View from Australia: The other guy

By Jonathan Bradley

This past weekend, I watched a movie about an earnest and diffident Midwesterner, partial to wearing sweater vests, who left his home town for a big event in Iowa, and discovered the experience to be a life-changing one.

No, Rick Santorum isn't yet the subject of a biopic. The film I watched was a low-key comedy from last year called Cedar Rapids, which stars "Daily Show" alumnus Ed Helms as Tim Lippe, an insurance salesman oddly reminiscent of Santorum. (The similarity was surely coincidental.) Helms's character is a small town naif and small-c conservative so ill-suited to the big time that he regards the small Iowa city of Cedar Rapids as if it were a dangerous metropolis.

Ed Helms as Tim Lippe in Cedar Rapids

Ed Helms. (Not Rick Santorum)

I suspect Rick Santorum has found the success he has because Republican voters admire his unassuming Midwestern decency and his traditional values. He has more in common with Tim Lippe than choice of knitwear. At the end of Cedar Rapids, Lippe left Iowa ready to embark on a bright future in the insurance business. When Rick Santorum left Iowa after winning the state's caucuses this past January, he seemed ready to break free from the anonymity that had characterised his campaign thus far and establish a bright future of his own.

It didn't really work out like that, however. Here's what I said about Santorum just before his Iowa victory:

Rick Santorum might turn out to be another Cain, Bachmann, or Gingrich — a passing fancy of a party struggling to come to terms with the fact that its only real standard bearer is Romney. But ... Santorum has solid social conservative credentials, and he fits within the worldview of the American right, though some members of the Republican base think he's too moderate on economic issues. He has a few other things working against him as well: His 2006 electoral defeat gave him a reputation for being unpopular. Would a victory in Iowa work to erase that? Considering the recency of his surge, he has not received the media scrutiny other Republicans have. But are his flaws fatal? And though he has expended a lot of energy in Iowa, Santorum has almost no campaign infrastructure established outside the state. Even if he can convert a good result this evening into endorsements and donations, could he get himself set up in New Hampshire and South Carolina quickly enough to maintain his momentum?

The answer, it turned out, was "no." All he really managed to do was tread water while other candidates dropped out of the race. And even though he added a few more caucus victories to his total last week — in Colorado, Missouri, and Minnesota — he still faces the same problems he did after Iowa. He now has just one real opponent, Mitt Romney, but he's as underfunded as ever. Despite his solid conservative credentials, he hasn't been able to attract big name endorsements either, which would be an indicator that he is able to attract the broad-based institutional support required for candidates to garner votes on a national scale. His social conservatism might please the Republican base, but most Americans see it as, at best, rather odd. He seems to do best when he's been out of the public eye for a while, away from media scrutiny and opposition attacks. For all these reasons, Mitt Romney is still the overwhelming favourite.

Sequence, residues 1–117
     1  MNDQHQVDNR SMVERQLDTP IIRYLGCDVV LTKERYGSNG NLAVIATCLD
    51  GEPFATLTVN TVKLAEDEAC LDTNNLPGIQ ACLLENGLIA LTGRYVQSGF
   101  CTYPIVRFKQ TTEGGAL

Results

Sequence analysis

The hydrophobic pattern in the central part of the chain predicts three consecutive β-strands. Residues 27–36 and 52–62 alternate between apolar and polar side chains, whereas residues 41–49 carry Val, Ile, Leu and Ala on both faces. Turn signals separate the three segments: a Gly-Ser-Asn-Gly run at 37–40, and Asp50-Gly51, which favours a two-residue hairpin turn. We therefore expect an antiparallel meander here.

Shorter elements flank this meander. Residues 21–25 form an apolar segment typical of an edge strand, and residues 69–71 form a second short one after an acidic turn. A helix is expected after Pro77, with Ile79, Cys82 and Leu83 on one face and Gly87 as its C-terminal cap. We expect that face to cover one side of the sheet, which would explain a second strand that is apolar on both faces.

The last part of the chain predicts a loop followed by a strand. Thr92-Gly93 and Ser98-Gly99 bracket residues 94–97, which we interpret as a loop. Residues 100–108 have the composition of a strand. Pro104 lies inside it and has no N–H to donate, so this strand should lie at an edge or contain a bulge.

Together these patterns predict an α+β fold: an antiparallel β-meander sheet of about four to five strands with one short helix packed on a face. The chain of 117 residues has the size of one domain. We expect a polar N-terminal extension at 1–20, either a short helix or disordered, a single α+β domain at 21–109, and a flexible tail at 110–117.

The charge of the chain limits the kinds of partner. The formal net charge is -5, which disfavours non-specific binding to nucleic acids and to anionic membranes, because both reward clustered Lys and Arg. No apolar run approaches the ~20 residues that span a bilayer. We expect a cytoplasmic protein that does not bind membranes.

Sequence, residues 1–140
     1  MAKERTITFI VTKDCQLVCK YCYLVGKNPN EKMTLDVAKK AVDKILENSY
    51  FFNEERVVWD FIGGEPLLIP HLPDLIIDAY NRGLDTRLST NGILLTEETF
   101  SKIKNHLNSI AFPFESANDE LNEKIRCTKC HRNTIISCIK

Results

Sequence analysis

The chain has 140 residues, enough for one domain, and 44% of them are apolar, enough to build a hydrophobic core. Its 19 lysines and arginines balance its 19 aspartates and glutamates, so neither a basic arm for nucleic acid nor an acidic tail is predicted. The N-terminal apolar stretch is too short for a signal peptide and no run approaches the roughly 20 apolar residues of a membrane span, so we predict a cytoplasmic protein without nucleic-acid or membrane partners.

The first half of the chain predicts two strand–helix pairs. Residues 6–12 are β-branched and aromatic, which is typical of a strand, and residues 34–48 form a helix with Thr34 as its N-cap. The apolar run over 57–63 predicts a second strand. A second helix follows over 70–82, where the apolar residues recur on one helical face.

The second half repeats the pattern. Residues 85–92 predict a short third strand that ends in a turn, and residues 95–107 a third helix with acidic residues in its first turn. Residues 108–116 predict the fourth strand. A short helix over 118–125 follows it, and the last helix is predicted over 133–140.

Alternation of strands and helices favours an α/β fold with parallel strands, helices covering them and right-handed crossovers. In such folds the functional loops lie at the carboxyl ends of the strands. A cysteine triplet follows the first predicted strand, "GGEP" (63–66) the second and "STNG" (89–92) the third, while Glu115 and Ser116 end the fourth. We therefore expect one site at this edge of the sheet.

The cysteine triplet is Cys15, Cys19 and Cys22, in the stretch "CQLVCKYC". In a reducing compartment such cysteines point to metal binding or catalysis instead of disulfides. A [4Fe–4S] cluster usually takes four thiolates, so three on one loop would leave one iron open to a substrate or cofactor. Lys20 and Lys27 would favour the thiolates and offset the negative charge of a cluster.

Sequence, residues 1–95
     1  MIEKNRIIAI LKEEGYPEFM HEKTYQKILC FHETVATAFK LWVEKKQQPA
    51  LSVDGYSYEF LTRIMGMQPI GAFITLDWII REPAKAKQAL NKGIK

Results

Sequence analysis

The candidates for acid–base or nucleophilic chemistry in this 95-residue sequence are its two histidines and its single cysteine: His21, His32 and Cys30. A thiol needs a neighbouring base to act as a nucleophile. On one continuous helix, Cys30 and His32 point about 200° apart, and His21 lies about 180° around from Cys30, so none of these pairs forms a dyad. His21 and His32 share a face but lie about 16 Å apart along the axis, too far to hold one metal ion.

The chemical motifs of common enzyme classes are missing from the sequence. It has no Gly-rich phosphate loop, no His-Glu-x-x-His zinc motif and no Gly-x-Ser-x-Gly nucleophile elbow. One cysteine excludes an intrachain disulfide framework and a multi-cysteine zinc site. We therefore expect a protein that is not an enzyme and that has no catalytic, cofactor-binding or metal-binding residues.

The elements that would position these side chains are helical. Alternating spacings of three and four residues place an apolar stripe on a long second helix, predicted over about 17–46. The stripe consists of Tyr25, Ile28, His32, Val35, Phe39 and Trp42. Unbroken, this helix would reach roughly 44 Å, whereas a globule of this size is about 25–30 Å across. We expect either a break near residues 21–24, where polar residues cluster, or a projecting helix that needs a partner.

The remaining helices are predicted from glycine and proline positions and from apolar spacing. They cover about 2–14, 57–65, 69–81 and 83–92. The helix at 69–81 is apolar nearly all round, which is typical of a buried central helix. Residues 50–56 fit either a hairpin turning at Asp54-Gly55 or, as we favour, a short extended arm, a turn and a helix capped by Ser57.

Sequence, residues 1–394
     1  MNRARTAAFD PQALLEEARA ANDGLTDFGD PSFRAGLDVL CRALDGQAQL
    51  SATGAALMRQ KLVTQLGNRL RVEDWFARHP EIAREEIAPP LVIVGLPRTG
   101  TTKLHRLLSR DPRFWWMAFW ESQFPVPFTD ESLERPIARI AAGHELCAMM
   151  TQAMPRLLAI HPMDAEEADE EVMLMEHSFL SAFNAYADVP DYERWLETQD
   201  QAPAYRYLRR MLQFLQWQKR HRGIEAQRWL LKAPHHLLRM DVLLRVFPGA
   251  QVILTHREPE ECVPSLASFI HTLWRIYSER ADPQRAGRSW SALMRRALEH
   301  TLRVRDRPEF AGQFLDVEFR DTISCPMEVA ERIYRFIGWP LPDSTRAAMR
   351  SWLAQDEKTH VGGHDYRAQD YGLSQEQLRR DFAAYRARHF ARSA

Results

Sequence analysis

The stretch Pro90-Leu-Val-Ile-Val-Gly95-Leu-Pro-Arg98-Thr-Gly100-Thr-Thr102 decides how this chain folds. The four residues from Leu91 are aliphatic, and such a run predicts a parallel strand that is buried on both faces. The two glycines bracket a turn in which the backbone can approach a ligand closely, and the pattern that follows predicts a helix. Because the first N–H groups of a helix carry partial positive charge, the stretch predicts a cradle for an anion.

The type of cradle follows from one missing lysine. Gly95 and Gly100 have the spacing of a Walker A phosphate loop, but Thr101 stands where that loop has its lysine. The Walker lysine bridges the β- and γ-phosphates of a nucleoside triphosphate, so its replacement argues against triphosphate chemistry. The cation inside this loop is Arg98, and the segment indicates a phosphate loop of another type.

There are two reasons, however, Santorum is still worthy of any consideration, in a way that Newt Gingrich and Ron Paul are not. Steve Kornacki gives the first:

[T]here’s one key difference between Santorum and the others who’ve vied with Romney for the lead this year: He’s a genuinely competent candidate. Not dazzling, but competent. He’s in line with the party base on just about every key issue, doesn’t have much personal baggage, can think on his feet in debates, and deliver a solid stump speech. This is more than can be said for Gingrich, Rick Perry and Herman Cain. This may be Santorum’s best hope: that the desire of the party base to nominate someone other than Romney is so strong that this basic competency is enough to overcome all of the advantages that Romney still enjoys.

The second comes from polls showing Santorum in the lead in Michigan, which will hold its primary on February 28. (Santorum has also topped some national polls, but these are less meaningful, because there is no occasion in the nomination contest on which the entire nation votes all at once.) This is a lead that could collapse under the weight of press attention and Romney dollars, but it is cause for concern for the Romney campaign. Michigan is supposed to be an easy win for Romney: he grew up there, and his father George once served as the state's governor. If Santorum won in Michigan, it would greatly enhance Republican fears that Romney is unpalatable to Midwestern voters, who would still not have given him a single victory in the region, and that he cannot appeal to the working class. That doesn't mean Romney would lose, but it would give any Republicans uncertain about him an excuse to take a good look at Santorum. Romney does not want to give them that excuse.

So this is where Rick Santorum stands now. He remains a contender because he meets the minimum expectations of a serious candidate. He has won some states and earned some delegates, but these have kept him in the hunt — they don't really make him competitive in any sense. But he has a shot, in the form of Michigan, to improve his fortunes and start seriously eroding Romney's dominance.

That's not much, but it's something. A dramatic come-from-behind victory, however, is unlikely outside of Hollywood. Santorum's plot will probably echo that of Tim Lippe's in Cedar Rapids: He'll have some eye-opening experiences, but find himself returning to Midwestern obscurity after it's all over.

16 February 2012